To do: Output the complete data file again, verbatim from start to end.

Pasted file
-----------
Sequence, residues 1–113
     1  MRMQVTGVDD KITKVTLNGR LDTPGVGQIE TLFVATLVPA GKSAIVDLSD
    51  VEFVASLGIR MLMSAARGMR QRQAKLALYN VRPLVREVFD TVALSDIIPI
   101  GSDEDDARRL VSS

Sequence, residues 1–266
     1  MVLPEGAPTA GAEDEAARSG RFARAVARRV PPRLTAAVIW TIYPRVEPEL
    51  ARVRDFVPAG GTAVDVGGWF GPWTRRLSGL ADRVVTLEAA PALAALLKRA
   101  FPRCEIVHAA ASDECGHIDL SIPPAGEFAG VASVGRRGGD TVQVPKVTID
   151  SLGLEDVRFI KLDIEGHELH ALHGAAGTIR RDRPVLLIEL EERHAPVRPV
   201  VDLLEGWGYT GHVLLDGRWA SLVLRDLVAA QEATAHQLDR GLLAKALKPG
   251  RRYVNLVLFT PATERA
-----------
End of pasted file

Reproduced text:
Sequence, residues 1–113
     1  MRMQVTGVDD KITKVTLNGR LDTPGVGQIE TLFVATLVPA GKSAIVDLSD
    51  VEFVASLGIR MLMSAARGMR QRQAKLALYN VRPLVREVFD TVALSDIIPI
   101  GSDEDDARRL VSS

Sequence, residues 1–266
     1  MVLPEGAPTA GAEDEAARSG RFARAVARRV PPRLTAAVIW TIYPRVEPEL
    51  ARVRDFVPAG GTAVDVGGWF GPWTRRLSGL ADRVVTLEAA PALAALLKRA
   101  FPRCEIVHAA ASDECGHIDL SIPPAGEFAG VASVGRRGGD TVQVPKVTID
   151  SLGLEDVRFI KLDIEGHELH ALHGAAGTIR RDRPVLLIEL EERHAPVRPV
   201  VDLLEGWGYT GHVLLDGRWA SLVLRDLVAA QEATAHQLDR GLLAKALKPG
   251  RRYVNLVLFT PATERA